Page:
Lines from the Tao Te Ching – Restore Natural Order…

The following poem is from the ancient book known as the Tao Te Ching (pronounced “Dow Duh Ching”), written by the mysterious figure Lao Tzu, over 2500 years ago. It is one of two foundational Daoist texts — the Zhuangzi being the other — and is regarded by some as one of the deepest, most wisdom-rich works ever written.

Because it is a book of poetry, the verses can be difficult to understand and comprehend; some are more obvious than others, but if you stick with the tough ones long enough, you’ll start to make connections and aha moments will arise. Some verses you may not fully understand for many years, perhaps never, and this is testament to a book which, even though written in the 6th Century BC, still survives today; and it survives for no other reason than it’s level of mystery, profundity and most importantly, seemingly perpetual relevance. Over the next few weeks, I’ll be sharing with you some of my favourite poems.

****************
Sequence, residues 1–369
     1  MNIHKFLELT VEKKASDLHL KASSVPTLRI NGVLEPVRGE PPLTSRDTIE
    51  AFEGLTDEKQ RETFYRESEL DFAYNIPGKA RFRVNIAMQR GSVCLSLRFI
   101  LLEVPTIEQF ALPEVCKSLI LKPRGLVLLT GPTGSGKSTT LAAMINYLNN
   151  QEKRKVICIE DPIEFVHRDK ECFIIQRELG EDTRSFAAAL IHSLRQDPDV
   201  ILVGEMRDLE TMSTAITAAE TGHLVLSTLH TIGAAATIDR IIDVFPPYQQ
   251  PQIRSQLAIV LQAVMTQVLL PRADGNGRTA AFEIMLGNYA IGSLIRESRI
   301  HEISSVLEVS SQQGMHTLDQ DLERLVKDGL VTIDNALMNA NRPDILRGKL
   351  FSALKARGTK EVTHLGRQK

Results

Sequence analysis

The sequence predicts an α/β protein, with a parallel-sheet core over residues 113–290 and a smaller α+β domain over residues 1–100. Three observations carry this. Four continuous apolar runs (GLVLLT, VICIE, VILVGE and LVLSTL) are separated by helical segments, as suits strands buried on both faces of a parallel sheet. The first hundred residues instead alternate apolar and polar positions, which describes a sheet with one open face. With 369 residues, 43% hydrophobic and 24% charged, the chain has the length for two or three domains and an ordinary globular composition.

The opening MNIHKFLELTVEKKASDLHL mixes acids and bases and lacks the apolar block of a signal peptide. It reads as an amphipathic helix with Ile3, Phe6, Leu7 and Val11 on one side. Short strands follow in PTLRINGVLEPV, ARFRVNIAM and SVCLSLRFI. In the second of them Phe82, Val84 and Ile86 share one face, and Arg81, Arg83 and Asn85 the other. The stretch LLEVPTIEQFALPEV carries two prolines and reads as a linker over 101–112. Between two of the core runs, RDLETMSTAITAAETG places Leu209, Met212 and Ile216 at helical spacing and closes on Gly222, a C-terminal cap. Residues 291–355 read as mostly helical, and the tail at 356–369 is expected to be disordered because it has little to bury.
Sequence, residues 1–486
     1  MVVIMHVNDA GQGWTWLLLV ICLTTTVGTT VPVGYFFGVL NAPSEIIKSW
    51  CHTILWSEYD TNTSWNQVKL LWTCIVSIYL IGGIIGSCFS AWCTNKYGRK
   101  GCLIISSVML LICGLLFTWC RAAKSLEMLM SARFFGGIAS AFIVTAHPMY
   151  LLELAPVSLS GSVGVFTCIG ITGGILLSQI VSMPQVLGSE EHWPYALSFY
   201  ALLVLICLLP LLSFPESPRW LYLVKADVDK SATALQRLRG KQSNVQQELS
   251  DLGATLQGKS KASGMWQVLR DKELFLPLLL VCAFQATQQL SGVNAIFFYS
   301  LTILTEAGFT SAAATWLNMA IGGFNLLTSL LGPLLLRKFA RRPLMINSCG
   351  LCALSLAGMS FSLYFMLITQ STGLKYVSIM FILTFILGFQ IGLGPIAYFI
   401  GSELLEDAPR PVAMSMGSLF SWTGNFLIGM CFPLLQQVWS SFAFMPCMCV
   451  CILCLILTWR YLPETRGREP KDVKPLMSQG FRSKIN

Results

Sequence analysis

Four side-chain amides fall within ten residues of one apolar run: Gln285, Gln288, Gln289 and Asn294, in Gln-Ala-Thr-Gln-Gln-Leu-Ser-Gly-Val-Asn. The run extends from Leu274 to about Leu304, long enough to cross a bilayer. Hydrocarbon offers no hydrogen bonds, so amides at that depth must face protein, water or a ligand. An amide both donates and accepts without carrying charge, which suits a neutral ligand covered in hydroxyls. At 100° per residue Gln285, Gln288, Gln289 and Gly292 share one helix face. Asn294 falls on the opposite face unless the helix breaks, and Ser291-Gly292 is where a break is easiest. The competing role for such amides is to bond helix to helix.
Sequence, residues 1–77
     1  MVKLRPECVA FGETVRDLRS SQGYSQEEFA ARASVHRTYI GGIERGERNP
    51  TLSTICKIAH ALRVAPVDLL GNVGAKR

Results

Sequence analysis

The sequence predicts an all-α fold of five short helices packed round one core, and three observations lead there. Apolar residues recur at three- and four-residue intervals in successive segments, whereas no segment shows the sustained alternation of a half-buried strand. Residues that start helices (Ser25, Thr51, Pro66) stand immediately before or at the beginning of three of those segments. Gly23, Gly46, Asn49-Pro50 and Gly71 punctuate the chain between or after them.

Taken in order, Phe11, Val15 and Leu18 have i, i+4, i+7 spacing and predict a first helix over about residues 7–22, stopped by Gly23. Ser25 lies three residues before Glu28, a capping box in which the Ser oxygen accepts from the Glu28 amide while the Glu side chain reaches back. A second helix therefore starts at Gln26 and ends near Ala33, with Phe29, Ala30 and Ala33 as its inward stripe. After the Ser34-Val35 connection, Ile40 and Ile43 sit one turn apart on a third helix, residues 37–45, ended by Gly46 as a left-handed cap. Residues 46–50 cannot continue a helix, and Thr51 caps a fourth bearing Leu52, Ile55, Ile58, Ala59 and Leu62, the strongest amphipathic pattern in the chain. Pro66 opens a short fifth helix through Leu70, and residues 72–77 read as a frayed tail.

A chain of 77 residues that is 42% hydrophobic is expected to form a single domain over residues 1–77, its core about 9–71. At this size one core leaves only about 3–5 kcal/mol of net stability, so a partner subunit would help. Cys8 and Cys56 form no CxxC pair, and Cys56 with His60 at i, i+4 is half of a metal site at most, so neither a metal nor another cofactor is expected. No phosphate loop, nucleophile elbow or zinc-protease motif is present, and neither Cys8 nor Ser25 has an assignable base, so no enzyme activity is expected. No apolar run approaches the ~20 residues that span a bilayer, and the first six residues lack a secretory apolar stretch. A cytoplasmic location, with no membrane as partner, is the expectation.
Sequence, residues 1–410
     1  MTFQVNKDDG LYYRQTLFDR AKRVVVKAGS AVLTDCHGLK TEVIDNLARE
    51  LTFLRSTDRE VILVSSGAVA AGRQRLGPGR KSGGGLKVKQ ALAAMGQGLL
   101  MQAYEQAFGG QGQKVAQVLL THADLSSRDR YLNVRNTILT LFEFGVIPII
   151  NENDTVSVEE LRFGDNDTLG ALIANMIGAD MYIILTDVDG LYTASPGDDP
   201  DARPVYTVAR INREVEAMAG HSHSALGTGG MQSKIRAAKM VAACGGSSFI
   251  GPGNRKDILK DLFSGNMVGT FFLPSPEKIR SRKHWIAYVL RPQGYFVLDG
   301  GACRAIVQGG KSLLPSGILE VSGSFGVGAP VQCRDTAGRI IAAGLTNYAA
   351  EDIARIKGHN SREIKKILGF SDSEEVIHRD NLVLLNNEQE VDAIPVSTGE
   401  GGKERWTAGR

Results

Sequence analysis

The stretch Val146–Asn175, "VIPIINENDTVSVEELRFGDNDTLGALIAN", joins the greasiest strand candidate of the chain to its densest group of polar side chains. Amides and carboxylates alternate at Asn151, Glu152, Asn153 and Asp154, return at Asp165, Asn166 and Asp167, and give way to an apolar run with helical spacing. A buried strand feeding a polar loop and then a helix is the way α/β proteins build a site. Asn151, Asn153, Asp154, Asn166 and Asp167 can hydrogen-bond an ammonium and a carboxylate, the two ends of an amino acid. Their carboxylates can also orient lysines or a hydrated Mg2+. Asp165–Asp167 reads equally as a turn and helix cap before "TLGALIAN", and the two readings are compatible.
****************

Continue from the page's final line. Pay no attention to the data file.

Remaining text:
This poem is about restoring natural order within the mind — by desiring the correct things and recognising what really matters…
Page 3:
Don’t glorify heroes,
and people will not content.
Don’t treasure rare objects,
and people will not steal.
Don’t display what people desire,
and their hearts will not be disturbed.
 
Therefore,
the sage rules,
by emptying hearts and filling bellies.
By weakening ambitions and strengthening bones.
Leads away,
from knowing and wanting;
Deter from those who know too much, 
from going to far:
Practices non-action,
and the natural order is not disrupted.

Leave a Reply

This site uses Akismet to reduce spam. Learn how your comment data is processed.